After Hour of Code – What’s Next?
Do you want to learn how to code?
Many of you participated in “Hour of Code” during Computer Science Education Week December 9-15. Thousands of Maine students participated in computer science in this huge national effort! So what’s next?
We want everyone to know about the “Beyond the Hour of Code” section at Code.org, which includes prizes for students and teachers who participate in the 20-hour online K-8 Intro to Computer Science. The tutorials are online.
Whether you’re a student, parent, or teacher in a classroom or an afterschool club, check out Code.org’s 20-hour online course. Students can get started and sign up here.
MMSA’s Reach Center also supported the Hour of Code initiative in Maine and sent 1-GB USB wristbands to middle and high school students who participated in Hour of Code and then shared with us what they learned.
Hour of Code tutorials are still available online too! Anyone can learn the basics to be a maker, a creator, an innovator.
We’ll also continue sharing resources that go beyond an hour of code. For example, this is an excellent entry into the world of Scratch – a creative learning community developed by the Massachusetts Institute of Technology (http://scratch.mit.edu/). With Scratch, you can program your own interactive stories, games, and animations — and share your creations with others in the online community. Scratch is a project of the Lifelong Kindergarten Group at the MIT Media Lab, provided free of charge. We intend to have a Maine Scratch day as part of the national effort next May and are currently seeking partners for this.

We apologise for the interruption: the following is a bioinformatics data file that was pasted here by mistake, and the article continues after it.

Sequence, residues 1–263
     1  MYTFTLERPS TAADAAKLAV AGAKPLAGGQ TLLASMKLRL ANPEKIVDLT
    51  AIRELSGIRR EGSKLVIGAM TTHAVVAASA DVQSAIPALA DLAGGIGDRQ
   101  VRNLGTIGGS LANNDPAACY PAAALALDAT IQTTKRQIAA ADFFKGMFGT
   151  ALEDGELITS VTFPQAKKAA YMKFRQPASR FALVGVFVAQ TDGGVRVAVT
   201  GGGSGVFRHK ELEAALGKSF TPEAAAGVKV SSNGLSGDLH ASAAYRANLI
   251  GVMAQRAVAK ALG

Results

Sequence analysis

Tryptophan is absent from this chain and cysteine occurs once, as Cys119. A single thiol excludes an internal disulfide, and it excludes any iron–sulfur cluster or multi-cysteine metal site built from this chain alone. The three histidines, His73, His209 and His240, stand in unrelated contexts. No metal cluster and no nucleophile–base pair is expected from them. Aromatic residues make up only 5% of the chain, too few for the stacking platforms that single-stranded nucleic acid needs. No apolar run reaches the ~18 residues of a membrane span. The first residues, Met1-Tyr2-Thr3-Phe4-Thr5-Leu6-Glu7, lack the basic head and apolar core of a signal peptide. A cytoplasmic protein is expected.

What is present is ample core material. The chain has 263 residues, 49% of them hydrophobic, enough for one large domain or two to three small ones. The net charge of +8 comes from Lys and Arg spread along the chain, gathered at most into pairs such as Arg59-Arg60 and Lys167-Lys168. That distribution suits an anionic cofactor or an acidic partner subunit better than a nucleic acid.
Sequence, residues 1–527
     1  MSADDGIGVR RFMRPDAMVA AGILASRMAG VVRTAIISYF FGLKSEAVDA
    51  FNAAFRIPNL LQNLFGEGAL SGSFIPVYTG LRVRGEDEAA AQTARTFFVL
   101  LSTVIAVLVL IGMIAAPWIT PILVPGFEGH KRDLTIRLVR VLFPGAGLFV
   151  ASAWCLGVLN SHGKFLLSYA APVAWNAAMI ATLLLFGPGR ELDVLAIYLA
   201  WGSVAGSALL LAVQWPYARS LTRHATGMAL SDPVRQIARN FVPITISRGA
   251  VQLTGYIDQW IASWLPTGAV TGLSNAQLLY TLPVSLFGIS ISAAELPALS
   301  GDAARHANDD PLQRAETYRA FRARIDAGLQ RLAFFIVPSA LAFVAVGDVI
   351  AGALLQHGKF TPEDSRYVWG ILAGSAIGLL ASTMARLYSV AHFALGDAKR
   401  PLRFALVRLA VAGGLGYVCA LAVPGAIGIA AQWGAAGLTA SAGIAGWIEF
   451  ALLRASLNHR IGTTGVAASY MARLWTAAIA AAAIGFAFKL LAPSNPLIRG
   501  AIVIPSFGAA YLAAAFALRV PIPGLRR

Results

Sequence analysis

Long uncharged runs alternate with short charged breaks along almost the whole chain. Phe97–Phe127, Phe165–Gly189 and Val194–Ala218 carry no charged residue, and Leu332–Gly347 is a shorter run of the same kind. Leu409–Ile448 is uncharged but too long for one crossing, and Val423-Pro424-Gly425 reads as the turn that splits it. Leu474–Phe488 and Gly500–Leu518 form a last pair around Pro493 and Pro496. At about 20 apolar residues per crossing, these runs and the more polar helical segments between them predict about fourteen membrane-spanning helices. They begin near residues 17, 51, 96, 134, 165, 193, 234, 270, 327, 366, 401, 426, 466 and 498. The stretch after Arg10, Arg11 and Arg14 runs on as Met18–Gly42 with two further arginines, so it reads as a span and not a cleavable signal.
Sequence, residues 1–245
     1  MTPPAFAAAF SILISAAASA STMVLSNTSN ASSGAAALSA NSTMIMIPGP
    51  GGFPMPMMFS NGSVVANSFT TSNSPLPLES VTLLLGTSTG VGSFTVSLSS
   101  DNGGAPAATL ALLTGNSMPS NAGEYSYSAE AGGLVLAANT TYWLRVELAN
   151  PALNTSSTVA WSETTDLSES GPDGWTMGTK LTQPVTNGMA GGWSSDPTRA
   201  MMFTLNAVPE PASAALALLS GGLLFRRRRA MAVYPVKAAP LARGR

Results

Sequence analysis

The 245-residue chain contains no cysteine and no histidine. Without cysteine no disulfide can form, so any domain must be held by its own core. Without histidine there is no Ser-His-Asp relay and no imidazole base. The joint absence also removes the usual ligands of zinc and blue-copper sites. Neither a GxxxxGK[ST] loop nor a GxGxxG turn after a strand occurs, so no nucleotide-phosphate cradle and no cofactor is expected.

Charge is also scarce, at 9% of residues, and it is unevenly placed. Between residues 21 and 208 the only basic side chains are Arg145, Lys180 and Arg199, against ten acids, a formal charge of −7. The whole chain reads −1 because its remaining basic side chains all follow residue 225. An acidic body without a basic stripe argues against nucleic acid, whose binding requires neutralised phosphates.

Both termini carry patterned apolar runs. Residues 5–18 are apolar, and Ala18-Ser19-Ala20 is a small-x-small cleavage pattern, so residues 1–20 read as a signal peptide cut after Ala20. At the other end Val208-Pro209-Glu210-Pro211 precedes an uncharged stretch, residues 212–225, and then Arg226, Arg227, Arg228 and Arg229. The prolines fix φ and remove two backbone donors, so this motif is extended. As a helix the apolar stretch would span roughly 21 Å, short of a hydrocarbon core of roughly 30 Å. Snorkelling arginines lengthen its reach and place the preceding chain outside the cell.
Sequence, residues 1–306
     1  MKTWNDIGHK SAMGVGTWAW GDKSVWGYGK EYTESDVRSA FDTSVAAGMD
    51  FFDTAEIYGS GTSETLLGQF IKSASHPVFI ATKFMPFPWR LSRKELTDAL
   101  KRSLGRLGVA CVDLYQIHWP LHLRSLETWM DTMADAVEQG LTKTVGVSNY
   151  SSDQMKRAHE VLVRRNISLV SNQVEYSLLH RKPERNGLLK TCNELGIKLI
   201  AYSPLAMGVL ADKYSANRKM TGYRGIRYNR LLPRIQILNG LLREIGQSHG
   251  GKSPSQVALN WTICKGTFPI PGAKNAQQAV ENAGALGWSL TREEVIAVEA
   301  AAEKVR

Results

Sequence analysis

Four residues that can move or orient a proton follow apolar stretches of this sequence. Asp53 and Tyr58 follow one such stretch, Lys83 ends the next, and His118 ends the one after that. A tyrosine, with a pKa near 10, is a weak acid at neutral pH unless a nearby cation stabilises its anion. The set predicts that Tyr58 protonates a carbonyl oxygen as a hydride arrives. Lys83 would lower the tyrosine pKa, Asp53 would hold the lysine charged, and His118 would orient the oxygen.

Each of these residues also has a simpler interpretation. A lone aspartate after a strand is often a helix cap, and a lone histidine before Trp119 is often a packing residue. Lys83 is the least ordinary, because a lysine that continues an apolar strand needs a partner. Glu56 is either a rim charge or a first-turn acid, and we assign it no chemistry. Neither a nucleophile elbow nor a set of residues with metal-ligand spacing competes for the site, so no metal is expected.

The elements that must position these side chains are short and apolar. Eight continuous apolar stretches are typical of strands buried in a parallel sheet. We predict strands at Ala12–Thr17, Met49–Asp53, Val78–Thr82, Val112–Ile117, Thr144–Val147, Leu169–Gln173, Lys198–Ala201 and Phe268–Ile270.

Stay tuned for more information about the first Maine Scratch Day event…to be held May 17, 2014 as part of the national Scratch Day festivities!
Another possibility for building from Hour of Code is Alice (http://www.alice.org/index.php) – “an innovative 3D programming environment that makes it easy to create an animation for telling a story, playing an interactive game, or a video to share on the web. Alice is a freely available teaching tool designed to be a student’s first exposure to object-oriented programming.”
Computer science can go in many directions: programming robots for industry or fun, creating 3-D or other animation videos, developing apps for mobile devices, and even teaching others how computers work.
And it all began with an hour of code.
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